Use acetaminophen or ibuprofen to treat your child's fever, and watch for symptoms and signs that will need a doctor's attention.
Your daughter wakes up one morning looking flushed and feeling hot to the touch. You take her temperature: yes, she has a fever. Does this mean your child is ill? Will her elevated temperature cause lasting harm? Should you treat the fever? If so, how?
Fever is indeed a sign of illness, but it also is the body's well-designed weapon for fighting that illness. Elevated body temperature pumps up the immune system and can slow down growth of the bacteria and viruses that are causing the illness. Sometimes fever has some scary effects-shivering, dehydration, or, worst of all, a seizure-but fever in itself will not harm the child in any way. A child's fever will rarely reach a dangerous level.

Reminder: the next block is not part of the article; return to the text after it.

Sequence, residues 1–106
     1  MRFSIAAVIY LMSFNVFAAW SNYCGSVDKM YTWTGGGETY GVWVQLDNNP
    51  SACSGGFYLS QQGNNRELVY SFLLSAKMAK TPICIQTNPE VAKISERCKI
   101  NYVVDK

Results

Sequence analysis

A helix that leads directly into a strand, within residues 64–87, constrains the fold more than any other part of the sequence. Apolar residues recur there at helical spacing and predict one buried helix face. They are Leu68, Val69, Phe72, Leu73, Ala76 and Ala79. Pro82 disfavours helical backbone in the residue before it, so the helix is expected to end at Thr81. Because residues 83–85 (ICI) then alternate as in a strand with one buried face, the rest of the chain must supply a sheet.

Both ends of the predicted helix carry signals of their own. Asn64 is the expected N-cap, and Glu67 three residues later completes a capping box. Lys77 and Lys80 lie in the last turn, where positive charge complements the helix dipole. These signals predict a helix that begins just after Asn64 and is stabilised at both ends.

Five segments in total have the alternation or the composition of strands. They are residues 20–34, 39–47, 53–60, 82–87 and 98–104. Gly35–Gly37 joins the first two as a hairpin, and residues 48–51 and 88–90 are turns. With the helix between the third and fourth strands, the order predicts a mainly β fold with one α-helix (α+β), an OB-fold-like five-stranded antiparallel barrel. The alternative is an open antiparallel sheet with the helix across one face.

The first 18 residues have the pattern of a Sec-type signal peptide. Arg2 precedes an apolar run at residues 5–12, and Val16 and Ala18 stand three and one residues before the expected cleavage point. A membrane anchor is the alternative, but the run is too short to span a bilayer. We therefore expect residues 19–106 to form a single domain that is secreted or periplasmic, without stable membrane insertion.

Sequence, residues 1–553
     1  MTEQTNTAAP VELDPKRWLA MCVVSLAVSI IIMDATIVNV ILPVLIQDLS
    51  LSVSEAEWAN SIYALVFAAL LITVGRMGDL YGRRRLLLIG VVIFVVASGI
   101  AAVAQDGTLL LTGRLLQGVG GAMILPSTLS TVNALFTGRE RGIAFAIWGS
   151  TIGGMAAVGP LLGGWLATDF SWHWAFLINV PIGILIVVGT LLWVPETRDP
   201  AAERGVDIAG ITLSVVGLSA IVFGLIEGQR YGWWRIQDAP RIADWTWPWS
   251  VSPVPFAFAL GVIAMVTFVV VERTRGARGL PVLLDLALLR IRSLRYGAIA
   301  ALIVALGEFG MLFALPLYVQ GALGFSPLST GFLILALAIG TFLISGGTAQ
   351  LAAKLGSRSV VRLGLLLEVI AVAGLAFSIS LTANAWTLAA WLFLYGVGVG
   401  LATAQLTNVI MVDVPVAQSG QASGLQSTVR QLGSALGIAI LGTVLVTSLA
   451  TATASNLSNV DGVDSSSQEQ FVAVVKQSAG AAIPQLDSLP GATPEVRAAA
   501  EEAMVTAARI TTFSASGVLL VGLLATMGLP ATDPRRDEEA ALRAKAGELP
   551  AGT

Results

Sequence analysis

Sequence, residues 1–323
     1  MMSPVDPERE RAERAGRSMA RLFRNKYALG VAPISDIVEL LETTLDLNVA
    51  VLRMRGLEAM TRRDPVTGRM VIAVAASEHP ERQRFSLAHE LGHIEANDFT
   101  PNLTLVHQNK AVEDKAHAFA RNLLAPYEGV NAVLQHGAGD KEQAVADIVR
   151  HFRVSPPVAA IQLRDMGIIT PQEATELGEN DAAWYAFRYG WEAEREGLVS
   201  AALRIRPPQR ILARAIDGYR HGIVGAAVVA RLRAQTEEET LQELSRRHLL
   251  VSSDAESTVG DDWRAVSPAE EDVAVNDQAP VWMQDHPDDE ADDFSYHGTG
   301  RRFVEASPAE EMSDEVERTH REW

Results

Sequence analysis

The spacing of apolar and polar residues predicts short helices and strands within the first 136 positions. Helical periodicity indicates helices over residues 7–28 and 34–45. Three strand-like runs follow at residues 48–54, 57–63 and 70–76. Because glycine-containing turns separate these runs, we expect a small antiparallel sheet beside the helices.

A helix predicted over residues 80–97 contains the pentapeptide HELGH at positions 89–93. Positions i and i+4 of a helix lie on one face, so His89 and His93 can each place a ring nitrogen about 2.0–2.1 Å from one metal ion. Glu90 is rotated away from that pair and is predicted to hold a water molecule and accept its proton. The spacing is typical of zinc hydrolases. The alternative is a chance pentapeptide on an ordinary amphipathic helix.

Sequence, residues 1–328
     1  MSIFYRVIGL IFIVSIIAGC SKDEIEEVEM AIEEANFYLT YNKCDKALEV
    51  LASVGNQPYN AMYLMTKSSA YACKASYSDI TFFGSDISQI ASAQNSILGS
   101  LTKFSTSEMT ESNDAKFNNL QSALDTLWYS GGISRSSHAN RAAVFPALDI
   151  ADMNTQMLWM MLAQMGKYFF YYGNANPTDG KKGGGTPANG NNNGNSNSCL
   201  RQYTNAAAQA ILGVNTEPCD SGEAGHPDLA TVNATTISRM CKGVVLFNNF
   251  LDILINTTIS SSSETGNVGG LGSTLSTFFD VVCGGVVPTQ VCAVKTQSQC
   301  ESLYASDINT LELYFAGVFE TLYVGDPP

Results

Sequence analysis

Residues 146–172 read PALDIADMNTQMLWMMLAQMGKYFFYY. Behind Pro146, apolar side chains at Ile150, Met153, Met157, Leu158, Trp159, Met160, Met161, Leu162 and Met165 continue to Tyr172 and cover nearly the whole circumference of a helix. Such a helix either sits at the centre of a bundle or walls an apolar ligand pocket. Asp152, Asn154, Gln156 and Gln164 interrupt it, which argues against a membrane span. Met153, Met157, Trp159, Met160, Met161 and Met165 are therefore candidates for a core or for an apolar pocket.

Nonetheless, you will want to treat your child's fever if she/he complains of pain or appears to be uncomfortable. Either acetaminophen or ibuprofen is the drug to use-never aspirin. Your child's doctor will recommend the correct dosage for either of these medications, based on your child's age and weight.
When to call the doctor if your child has a fever
Adapted from Crocetti MT, Serwint JR, Contemp Pediatr 2005;22(1):34